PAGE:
Parelli News

Things Change

If you follow us on Facebook, you’ll know that on October twenty-ninth Remmer had a freak accident.  He severed his superficial flexor tendon and about eighty percent of his deep digital flexor tendon.  In less than a moment our future together changed because of the severity of the injury. Remmer may not regain full athletic function of his left hind leg.

A friend commented to me tonight that I seem to be handling this pretty tragic event really well, and as we conversed I thought it might be a good thing to blog about.  He asked me if this was natural for me or if it was learned behavior, and it is absolutely learned behavior.  Being able to control how and what I think about is something I’ve worked very hard on for the last twenty-eight years.

When it happened, I was really left brain.  I’m pretty good in a crisis.  I wanted to make sure that Amy was all right – she was riding him at the time, but she didn’t come off.  Dr. Zamora was on his way and while we waited we used the red light to stop the bleeding and reduce pain.  After assessing the wound, he recommended we get Remmer straight to the veterinary hospital, and happily it is very close to us here in Ocala.  All this happened within an hour of getting hurt, it was perfect flow.

It was amazing to watch Remmer.  There he was, hind leg in the air, foot flopping, and all he wanted to do was eat grass.  I’m sure it was painful, but he wasn’t emotional or fretting.  It was inconvenient that he couldn’t bare weight on it, but he could still get to the grass around him!

Dr. Adams told me the facts about the injury and that as it healed the scar tissue would be fibrous and not have the same flexibility as the tendons, and that it will most likely adhere the tendons together. Keeping out infection, changing the dressing daily and supporting his other leg would be primary to his healing, including intensive care with the painkillers and antibiotics administered regularly through the day.  Dr. Adams and the hospital staff were wonderful, skilled and professional.

Rem stayed in the vet hospital for four and a half days. We went and visited him every day, and Amy and or Lyndsey were there to comfort him for the bandage-changing and to apply the “red light” and essential oils, not to mention giving him healing, loving energy.  Jim Crew put a supportive shoe on him and that made an immediate improvement to his ability to walk and support himself with that leg, which is critical to not overloading his right hind during the healing process.

On the Monday evening, Pat and I flew to Italy and Portugal for the Verona Horse Fair appearance, and then to present at the 3rdInternational Dressage Forum in Lisbon.  It was really hard to leave Remmer but seeing how well he was doing and knowing he was in great hands with Lyndsey and Amy made it possible.  I really couldn’t do anything more or better than them and I knew Lyndsey would keep me updated daily.

The day after Remmer was injured is when it hit me.  I found myself thinking about the consequences of the injury… how this was the end of our magnificent horsemanship journey together.  And as the emotion began to rise, I immediately took control of my brain and firmly halted the mental stream of negativity expectation and almost overwhelming sadness. This was also the day of our Open House here in Ocala, and I was fine as long as no one came up and said something to console me about Remmer.  There were several times I about choked holding back the tears, but somehow, I made it. I must have come across a bit distant though as I struggled to keep control of my brain.  It’s not that I won’t allow myself to feel sad, of course I do. But I feelsad as opposed to thinking what has happened is sad. There’s a big difference between the two.  I believe that life is perfect, and it is unfolding exactly as it should.  I have learned through experience that you don’t see the perfection of what occurs until many years later, so I really try to live each day as though I’m looking back ten years out.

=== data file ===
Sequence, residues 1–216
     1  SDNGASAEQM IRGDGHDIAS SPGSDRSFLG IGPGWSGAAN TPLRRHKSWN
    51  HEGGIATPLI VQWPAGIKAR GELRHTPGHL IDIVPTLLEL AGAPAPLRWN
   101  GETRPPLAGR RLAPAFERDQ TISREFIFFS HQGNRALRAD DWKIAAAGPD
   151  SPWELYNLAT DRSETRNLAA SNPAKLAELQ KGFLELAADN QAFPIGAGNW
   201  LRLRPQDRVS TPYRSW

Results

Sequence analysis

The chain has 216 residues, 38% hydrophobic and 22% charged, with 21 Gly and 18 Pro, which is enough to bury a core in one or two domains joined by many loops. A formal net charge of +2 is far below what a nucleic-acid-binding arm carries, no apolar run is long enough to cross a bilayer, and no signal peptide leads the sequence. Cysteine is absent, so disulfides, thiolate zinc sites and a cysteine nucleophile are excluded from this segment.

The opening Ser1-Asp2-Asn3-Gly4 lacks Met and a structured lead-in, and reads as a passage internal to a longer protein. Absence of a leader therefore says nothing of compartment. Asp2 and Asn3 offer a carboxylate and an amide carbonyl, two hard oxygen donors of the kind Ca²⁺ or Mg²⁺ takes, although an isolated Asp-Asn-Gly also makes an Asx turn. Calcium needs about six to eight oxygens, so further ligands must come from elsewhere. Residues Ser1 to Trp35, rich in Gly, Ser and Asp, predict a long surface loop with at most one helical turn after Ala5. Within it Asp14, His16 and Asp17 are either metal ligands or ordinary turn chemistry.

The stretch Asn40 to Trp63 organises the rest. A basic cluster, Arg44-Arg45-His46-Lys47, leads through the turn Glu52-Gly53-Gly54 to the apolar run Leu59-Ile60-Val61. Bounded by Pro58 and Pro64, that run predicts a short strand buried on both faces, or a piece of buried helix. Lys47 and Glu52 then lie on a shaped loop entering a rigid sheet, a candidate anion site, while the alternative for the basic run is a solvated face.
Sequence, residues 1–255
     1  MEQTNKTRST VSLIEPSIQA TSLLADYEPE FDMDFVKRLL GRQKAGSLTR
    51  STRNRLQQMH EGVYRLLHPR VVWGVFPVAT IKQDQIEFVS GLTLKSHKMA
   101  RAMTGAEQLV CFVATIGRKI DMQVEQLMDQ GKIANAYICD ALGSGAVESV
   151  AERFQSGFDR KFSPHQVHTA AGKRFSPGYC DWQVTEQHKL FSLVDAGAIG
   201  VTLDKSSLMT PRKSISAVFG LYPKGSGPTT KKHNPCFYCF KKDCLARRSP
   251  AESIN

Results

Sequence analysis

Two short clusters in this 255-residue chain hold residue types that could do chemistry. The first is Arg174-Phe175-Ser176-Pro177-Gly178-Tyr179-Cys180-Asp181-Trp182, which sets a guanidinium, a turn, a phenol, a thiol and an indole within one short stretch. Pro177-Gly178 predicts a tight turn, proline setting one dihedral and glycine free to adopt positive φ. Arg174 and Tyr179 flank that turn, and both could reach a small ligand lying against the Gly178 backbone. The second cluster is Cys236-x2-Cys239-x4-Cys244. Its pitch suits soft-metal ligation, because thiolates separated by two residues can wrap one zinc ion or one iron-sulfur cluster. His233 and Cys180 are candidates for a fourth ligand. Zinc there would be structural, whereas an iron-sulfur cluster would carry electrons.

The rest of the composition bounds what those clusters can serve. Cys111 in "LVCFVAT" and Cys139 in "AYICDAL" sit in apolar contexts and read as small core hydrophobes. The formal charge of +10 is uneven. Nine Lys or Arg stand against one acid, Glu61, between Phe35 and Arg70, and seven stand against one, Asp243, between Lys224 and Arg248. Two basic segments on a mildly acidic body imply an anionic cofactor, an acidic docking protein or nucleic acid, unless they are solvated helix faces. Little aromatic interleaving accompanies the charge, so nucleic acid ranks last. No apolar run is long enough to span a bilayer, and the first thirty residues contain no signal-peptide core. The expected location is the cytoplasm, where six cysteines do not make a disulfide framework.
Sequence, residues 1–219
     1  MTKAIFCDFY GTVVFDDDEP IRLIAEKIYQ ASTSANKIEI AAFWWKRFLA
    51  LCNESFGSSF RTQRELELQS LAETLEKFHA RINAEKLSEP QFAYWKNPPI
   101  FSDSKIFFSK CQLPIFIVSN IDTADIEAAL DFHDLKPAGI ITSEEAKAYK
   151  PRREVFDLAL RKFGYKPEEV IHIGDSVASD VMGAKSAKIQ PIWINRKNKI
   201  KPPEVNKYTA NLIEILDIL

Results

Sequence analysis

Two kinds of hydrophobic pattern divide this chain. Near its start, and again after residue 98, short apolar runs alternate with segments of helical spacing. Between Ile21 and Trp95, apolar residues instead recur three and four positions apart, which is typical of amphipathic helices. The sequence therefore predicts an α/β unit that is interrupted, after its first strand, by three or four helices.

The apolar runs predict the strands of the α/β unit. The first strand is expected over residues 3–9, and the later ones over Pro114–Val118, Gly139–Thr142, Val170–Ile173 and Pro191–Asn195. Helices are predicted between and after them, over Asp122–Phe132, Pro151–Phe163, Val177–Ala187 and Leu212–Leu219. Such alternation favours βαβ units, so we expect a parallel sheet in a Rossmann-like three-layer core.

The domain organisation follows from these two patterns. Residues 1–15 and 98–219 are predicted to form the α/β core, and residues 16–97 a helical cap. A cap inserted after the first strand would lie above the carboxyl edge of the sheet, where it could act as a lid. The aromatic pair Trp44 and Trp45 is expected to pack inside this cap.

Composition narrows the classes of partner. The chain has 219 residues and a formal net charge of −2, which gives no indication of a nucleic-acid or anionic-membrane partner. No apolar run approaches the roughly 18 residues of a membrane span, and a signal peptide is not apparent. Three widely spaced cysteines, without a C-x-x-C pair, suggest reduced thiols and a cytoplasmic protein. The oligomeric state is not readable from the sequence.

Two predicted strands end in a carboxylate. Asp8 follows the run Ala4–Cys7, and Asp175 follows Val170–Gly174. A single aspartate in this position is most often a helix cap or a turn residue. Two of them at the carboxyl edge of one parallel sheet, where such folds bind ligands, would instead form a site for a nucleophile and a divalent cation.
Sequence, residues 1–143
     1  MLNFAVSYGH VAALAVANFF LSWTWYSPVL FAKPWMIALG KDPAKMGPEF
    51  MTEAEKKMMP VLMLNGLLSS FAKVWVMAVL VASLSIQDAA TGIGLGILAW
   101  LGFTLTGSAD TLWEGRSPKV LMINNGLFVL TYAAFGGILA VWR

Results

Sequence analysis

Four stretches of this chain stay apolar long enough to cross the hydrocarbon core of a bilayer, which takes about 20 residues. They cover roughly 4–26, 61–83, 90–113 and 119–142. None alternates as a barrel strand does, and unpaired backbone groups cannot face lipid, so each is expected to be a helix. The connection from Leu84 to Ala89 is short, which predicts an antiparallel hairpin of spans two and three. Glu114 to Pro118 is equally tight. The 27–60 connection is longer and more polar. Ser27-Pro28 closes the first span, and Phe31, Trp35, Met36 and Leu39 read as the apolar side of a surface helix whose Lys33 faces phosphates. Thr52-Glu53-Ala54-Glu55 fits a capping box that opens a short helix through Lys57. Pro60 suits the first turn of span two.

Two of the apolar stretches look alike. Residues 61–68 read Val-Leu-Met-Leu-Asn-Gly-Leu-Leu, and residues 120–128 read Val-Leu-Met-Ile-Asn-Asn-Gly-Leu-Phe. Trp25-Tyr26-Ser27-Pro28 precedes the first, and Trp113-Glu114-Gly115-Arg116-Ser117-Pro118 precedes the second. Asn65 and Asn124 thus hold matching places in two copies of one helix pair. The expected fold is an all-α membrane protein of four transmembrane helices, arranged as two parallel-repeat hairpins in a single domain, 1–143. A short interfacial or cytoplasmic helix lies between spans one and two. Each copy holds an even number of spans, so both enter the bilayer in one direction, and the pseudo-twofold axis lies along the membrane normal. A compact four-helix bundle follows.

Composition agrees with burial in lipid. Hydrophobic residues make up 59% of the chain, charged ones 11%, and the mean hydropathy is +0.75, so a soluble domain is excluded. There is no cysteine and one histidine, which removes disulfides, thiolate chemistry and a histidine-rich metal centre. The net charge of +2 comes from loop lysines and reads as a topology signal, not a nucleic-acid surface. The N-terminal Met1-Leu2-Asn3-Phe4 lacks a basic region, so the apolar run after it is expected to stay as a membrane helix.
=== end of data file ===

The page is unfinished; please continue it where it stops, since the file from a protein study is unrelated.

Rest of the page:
I carefully manage my brain and what I think about, and as a result I feel balanced and empowered because I know that wallowing in the misery of negative expectation is emotionally damaging and stressful. In this challenging time for Remmer I take it as my responsibility to bring nothing but positive energy to him, not just when I’m with him but when I think about him.  I also asked via our Facebook page that positive and healing vibes be sent for Remmer and the support from his fans has been generous, warming and wonderful.

I also want to share that Remmer’s recovery is being powerfully facilitated by the lessons I have learned from my mentor in Sydney, Glynn Braddy (both philosophically and biochemically), from Donna and Bryan of Photonic Health (that red light is amazing), from Rebecca Precious and Young Living Essential Oils, from Jim Crew and his amazing knowledge of biomechanics. And my heartfelt thanks go to Lyndsey and Amy for the heart and soul they put into his care.

I don’t know what the future holds for Remmer and me, but I’m not going to limit or taint it with ignorant thoughts.  We’ll take each day as it comes, do the best we possibly can with everything we’ve got, and be thankful for every moment of it.  Things change, and, to me, welcoming change is fundamental to experiencing the gifts of life.

 

Linda

horse training, left brained extroverts, Left brained introverts, Linda Parelli, Natural Horsemanship, Parelli, Pat Parelli

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